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How To Save Big Bucks On A Laptop Computer

If you're a bargain shopper looking to get the most bang foryour buck, you'll find no shortage of deals on the ... that's ... true in the ... world oflaptop ... wher

If you're a bargain shopper looking to get the most bang for
your buck, you'll find no shortage of deals on the Internet.

And that's particularly true in the fast-changing world of
laptop computers, where you'll find three bargain sources
right at your fingertips:

1. Clearance Sales

Just like many brick-and-mortar retail stores, many computer
manufacturer websites have clearance sections. On these web
pages, you can find great deals on last year's leftovers.

These are all new products (unless otherwise stated) and
carry their original warranties. The only difference is that
the price has been reduced.

Of course the manufacturers aren't the only ones with
clearance merchandise.

Major electronics and office supply retailers also include
clearance sections on their websites, where you may be able
to find the laptop bargain of your dreams.

2. Refurbished Laptops

Factory refurbs represent another great bargain opportunity.
It works something like this:

- Joe Blow buys a new laptop, but decides a week later he
doesn't like the color.

- He takes it back to the store within the store's stated
return period, so the store is stuck with it.

- Since they can't sell the laptop as new, the store sends
it back to the manufacturer to be "refurbished."

- The factory inspects that laptop to make sure everything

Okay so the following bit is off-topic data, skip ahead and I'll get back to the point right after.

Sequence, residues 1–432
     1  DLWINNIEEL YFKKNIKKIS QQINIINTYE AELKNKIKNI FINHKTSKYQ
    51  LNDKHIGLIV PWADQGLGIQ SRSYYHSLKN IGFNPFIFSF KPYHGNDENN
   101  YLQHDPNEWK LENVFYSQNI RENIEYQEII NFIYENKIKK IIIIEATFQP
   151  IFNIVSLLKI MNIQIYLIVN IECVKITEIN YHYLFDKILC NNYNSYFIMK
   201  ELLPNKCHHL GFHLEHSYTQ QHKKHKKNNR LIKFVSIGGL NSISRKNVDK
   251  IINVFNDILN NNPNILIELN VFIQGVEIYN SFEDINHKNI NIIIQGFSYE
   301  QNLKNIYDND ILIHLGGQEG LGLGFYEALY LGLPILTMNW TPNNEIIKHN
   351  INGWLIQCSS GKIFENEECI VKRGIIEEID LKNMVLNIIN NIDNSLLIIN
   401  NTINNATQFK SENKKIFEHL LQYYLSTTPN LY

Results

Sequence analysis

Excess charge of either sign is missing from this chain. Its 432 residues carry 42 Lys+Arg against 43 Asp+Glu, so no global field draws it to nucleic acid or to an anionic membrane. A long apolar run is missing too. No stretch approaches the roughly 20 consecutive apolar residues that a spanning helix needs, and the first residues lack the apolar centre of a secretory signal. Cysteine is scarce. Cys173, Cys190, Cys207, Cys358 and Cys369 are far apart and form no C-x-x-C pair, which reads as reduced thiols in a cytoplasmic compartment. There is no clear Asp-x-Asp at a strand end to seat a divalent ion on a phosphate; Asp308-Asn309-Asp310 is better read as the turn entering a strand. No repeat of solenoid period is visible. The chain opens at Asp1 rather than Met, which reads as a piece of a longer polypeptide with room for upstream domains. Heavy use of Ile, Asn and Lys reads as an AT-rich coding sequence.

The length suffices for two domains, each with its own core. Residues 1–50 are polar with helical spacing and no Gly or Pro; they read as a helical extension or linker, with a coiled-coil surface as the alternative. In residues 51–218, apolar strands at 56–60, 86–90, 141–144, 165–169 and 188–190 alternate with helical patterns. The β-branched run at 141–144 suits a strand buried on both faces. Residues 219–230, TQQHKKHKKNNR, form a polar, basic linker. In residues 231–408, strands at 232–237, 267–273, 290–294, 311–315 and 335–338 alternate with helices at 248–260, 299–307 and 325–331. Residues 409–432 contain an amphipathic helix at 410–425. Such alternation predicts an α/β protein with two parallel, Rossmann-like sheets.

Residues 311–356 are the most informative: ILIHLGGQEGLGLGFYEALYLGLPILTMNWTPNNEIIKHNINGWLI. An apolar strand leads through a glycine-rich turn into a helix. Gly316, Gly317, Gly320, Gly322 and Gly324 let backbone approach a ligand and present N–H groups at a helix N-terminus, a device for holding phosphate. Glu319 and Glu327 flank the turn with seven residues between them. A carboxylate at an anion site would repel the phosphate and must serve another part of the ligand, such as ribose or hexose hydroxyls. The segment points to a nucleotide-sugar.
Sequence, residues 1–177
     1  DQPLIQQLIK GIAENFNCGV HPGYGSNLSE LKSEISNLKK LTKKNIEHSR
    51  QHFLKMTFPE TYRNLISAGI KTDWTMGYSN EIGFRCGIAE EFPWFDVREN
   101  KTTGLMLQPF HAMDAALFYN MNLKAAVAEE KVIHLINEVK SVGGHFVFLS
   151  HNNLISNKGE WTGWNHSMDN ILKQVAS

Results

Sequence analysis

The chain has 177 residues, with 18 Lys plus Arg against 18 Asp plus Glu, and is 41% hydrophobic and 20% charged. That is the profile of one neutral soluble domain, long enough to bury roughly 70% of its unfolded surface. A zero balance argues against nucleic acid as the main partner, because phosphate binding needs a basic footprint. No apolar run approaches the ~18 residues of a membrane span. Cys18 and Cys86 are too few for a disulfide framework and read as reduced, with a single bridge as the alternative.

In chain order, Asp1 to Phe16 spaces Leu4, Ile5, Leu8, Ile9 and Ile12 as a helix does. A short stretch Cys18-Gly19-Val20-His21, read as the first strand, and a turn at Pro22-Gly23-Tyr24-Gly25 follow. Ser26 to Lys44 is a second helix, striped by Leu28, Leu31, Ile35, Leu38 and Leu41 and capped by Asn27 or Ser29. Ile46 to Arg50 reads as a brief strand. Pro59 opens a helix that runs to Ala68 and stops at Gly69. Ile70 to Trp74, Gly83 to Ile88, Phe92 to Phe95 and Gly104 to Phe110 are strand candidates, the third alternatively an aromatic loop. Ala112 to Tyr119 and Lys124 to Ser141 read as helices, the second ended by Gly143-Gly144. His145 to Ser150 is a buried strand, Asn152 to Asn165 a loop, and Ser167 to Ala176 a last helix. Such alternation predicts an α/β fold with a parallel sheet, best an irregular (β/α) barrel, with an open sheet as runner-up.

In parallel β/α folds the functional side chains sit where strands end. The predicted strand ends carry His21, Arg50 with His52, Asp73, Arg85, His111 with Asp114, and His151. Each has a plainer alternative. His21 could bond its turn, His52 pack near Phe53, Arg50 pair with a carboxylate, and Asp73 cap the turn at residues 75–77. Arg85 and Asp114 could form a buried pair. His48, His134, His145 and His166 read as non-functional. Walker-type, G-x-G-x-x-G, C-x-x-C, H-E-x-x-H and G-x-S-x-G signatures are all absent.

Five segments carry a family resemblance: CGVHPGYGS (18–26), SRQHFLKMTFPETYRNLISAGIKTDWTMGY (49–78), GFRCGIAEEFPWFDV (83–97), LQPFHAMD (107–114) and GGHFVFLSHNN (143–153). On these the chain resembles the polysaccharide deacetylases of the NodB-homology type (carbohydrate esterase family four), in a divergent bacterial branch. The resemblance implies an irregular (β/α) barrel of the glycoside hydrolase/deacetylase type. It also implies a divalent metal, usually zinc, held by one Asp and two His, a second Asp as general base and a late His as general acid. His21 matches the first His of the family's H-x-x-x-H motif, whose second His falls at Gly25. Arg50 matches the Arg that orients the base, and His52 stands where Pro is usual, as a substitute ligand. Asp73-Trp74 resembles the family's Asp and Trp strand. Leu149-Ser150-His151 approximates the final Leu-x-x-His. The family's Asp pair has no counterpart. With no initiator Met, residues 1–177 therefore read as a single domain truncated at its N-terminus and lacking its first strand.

works right, and then ships it out to a retailer that deals
in refurbs.

- The refurb retailer then sells it to you at a great
discount off the original price.

Buying a refurb can literally save you hundreds.

3. Online Auctions

You can always logon to an auction website and find a great
deal on a used laptop. However, beware!

Buying anything used carries with it some risk. Buying a
used laptop carries more risk than most people should be
willing to take.

When you buy a used laptop from a private
party, you don't get any sort of warranty beyond DOA.

DOA stands for "dead on arrival", a common auction term that
means the seller guarantees the item will work when it
arrives at your house.

But what happens if your laptop dies two weeks after it
arrives? You're out of luckFree Articles, that's what.

There are enough bargains available on warrantied laptops
that all but the most meager budgets should be able to avoid
buying used.

Stick to clearance and refurb machines and you'll save
yourself hundreds on your next laptop computer.

Copyright (c) 2004

Source: Free Articles from


The author, computer journalist John San Filippo, has
created the definitive guide to help you navigate through
the laptop jungle. Visit the site today and find out
everything you need to know about laptops before you buy.
Check out >

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